Do you think Czech artists know how to promote themselves?

It’s a very individual thing. Either the bands are good at it and enjoy it, or they don’t like it and that’s why they are unsuccessful on social media. Today’s promo is often built on sharing the behind-the-scenes of personal life. But not everyone is comfortable with that. One must also have a feel for and knowledge of the virtual environment to know what works and how it works. Generally promotion is a kind of subjective game that often costs a lot of money.


So what do you see as the most common mistake?

I have personal experience with Thom Artway, for whom I am an agent in my business, PR STAGE. We were preparing materials for a promotional event in England and several times we got back his promo photos, saying that they were just not good and didn’t capture Thom. Photos that were enough for our country. We asked how they wanted us to do it. They sent us a photo of Justin Bieber, which, on the other hand, did not seem to be exactly our form. We did not understand what made it better. “Can you tell from it what genre Justin sings? Do you know where you would classify him, based on the photo?” This is information that must be obvious at a glance. A lot of artists style and transform themselves in different ways until it doesn’t correspond with their work at all. I think that’s a mistake. It takes the interplay and understanding of the performers and the people involved in the promotion – from photographers, graphic designers, copywriters and others. A good visual aspect and promotion is a long hard run.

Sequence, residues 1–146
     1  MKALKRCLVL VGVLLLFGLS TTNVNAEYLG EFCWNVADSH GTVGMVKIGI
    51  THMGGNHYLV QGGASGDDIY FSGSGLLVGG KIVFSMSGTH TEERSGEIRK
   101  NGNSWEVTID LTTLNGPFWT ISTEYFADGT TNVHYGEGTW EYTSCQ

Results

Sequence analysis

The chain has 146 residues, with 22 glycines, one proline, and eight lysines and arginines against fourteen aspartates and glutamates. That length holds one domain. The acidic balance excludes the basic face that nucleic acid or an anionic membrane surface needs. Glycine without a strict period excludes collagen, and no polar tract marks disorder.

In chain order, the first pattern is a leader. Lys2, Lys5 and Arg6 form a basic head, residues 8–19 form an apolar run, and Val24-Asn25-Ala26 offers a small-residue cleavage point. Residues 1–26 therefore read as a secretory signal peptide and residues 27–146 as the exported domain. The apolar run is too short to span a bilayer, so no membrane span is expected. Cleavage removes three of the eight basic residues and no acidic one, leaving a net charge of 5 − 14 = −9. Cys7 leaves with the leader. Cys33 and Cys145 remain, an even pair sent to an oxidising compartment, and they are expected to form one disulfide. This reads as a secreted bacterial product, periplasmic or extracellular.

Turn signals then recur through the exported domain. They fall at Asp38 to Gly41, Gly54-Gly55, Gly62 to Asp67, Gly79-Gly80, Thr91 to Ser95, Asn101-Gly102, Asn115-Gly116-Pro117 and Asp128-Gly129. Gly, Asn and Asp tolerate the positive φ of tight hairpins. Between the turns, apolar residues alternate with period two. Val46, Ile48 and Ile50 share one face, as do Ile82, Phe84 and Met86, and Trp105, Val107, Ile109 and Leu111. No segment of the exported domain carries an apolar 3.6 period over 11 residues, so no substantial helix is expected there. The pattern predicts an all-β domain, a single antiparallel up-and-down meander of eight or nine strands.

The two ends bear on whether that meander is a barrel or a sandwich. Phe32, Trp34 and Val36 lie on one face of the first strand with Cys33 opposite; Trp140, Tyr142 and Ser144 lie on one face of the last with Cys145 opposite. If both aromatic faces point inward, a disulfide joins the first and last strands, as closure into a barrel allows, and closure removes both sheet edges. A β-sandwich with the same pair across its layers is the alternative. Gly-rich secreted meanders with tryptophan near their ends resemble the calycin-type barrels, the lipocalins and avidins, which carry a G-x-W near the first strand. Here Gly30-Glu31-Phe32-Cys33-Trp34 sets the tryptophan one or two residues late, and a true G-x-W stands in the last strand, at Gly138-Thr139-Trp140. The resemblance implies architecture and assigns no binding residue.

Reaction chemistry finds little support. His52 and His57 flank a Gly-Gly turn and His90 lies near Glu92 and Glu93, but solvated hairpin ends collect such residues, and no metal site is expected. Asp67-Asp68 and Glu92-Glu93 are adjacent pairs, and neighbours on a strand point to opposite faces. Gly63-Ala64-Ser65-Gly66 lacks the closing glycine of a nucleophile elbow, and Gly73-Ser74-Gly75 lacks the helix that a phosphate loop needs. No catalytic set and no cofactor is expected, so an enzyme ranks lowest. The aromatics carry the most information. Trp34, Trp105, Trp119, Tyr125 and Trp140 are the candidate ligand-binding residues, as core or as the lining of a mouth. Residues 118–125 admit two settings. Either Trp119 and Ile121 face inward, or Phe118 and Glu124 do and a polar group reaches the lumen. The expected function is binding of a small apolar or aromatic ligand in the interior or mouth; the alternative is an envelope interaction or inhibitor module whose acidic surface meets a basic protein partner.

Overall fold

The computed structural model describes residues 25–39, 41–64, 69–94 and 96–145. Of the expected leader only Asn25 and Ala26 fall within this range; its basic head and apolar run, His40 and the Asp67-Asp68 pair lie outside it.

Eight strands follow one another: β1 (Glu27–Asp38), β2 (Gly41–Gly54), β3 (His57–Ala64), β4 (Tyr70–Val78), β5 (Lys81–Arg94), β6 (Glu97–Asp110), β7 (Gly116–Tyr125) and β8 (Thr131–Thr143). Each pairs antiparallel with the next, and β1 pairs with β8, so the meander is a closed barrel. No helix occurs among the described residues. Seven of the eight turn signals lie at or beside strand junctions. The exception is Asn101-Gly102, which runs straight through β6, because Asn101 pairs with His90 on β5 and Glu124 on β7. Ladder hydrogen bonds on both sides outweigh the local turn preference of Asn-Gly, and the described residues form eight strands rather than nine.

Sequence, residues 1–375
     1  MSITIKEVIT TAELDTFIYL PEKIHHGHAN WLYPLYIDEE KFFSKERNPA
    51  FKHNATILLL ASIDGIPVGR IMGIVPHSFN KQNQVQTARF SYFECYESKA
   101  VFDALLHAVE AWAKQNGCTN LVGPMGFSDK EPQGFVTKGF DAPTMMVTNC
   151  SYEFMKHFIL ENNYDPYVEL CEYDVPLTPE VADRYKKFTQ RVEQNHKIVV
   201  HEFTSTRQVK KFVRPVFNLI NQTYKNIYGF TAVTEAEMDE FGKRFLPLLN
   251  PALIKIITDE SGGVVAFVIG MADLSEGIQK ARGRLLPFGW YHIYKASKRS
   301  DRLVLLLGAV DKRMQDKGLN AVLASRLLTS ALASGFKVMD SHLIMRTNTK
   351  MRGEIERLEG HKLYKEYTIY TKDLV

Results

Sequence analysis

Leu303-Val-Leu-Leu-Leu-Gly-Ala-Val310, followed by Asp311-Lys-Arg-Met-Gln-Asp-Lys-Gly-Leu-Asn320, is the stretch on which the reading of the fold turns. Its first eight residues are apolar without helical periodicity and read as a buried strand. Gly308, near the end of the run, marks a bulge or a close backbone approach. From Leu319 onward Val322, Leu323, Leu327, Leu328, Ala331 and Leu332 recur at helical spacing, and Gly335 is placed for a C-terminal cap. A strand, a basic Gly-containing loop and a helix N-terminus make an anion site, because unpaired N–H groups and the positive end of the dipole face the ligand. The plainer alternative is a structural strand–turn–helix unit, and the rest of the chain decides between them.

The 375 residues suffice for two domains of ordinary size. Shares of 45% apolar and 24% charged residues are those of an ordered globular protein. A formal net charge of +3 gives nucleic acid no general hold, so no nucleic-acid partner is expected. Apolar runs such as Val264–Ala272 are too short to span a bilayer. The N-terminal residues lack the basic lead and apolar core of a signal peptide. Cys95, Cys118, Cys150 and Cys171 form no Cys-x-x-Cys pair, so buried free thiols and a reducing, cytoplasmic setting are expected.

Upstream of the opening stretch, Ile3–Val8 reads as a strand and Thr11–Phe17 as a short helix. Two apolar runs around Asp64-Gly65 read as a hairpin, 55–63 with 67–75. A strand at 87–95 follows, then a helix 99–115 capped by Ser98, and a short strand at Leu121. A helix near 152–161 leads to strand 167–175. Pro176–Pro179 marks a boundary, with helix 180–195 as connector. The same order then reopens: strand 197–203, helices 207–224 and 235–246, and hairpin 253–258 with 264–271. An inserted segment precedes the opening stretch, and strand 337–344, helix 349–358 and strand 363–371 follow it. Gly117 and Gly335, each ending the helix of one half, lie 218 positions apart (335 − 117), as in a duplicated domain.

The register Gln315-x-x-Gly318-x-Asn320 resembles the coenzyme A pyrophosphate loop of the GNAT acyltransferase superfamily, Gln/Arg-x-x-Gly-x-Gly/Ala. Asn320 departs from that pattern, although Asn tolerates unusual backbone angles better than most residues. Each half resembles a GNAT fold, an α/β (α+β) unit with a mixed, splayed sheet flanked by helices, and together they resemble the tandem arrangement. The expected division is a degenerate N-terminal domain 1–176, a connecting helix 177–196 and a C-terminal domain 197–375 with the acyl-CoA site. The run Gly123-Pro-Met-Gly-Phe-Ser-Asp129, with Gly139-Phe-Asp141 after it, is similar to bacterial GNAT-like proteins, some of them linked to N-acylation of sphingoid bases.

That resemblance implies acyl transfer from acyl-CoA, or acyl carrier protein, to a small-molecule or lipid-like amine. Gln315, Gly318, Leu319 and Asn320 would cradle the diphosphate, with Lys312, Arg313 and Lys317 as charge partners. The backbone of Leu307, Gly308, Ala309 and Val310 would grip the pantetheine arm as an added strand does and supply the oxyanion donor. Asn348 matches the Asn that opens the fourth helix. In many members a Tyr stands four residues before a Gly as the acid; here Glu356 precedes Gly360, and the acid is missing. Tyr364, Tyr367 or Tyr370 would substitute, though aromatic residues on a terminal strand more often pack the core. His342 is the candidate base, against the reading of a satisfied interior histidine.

Last May, the Soundczech office organized a workshop on live promo video. How to shoot it properly, what is its content?

It depends on who you’re making the video for. The most important thing for event programmers is to see on video how the band interacts with the audience and how the audience reacts to them. We discussed this with Dušan Svíba from Colours Meeting and Barbora Šubrtová from Metronome festival. We agreed that when we get a concert video with a studio recording, it seems like the band can’t play live. What is important to us is the audience and the authenticity of the moment. In that case, the video quality may not be from the hands of a professional. People don’t necessarily have to jump, it’s enough that you can tell that they’re quiet and they can feel the music. And again, we return to the previous question. From both the photo and the video you should be able to tell what kind of band it is, what kind of music it plays and what kind of music it is. Not only for the organizers, but also for the audience.